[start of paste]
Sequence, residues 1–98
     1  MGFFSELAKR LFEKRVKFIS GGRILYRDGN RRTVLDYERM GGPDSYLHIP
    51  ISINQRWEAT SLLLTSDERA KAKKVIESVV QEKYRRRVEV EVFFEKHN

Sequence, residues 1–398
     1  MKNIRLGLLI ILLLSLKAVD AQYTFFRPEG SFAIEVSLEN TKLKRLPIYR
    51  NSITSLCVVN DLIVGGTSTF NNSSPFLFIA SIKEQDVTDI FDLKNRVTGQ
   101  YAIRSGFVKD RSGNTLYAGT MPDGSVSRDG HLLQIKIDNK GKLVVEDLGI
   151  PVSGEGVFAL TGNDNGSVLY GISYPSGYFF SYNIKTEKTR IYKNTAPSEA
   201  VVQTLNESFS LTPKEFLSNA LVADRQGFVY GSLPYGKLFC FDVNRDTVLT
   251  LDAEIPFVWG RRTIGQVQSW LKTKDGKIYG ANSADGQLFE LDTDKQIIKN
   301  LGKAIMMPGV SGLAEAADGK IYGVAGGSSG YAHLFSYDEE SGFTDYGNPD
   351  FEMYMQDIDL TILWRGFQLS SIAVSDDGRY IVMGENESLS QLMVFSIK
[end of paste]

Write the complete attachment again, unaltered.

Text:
Sequence, residues 1–98
     1  MGFFSELAKR LFEKRVKFIS GGRILYRDGN RRTVLDYERM GGPDSYLHIP
    51  ISINQRWEAT SLLLTSDERA KAKKVIESVV QEKYRRRVEV EVFFEKHN

Sequence, residues 1–398
     1  MKNIRLGLLI ILLLSLKAVD AQYTFFRPEG SFAIEVSLEN TKLKRLPIYR
    51  NSITSLCVVN DLIVGGTSTF NNSSPFLFIA SIKEQDVTDI FDLKNRVTGQ
   101  YAIRSGFVKD RSGNTLYAGT MPDGSVSRDG HLLQIKIDNK GKLVVEDLGI
   151  PVSGEGVFAL TGNDNGSVLY GISYPSGYFF SYNIKTEKTR IYKNTAPSEA
   201  VVQTLNESFS LTPKEFLSNA LVADRQGFVY GSLPYGKLFC FDVNRDTVLT
   251  LDAEIPFVWG RRTIGQVQSW LKTKDGKIYG ANSADGQLFE LDTDKQIIKN
   301  LGKAIMMPGV SGLAEAADGK IYGVAGGSSG YAHLFSYDEE SGFTDYGNPD
   351  FEMYMQDIDL TILWRGFQLS SIAVSDDGRY IVMGENESLS QLMVFSIK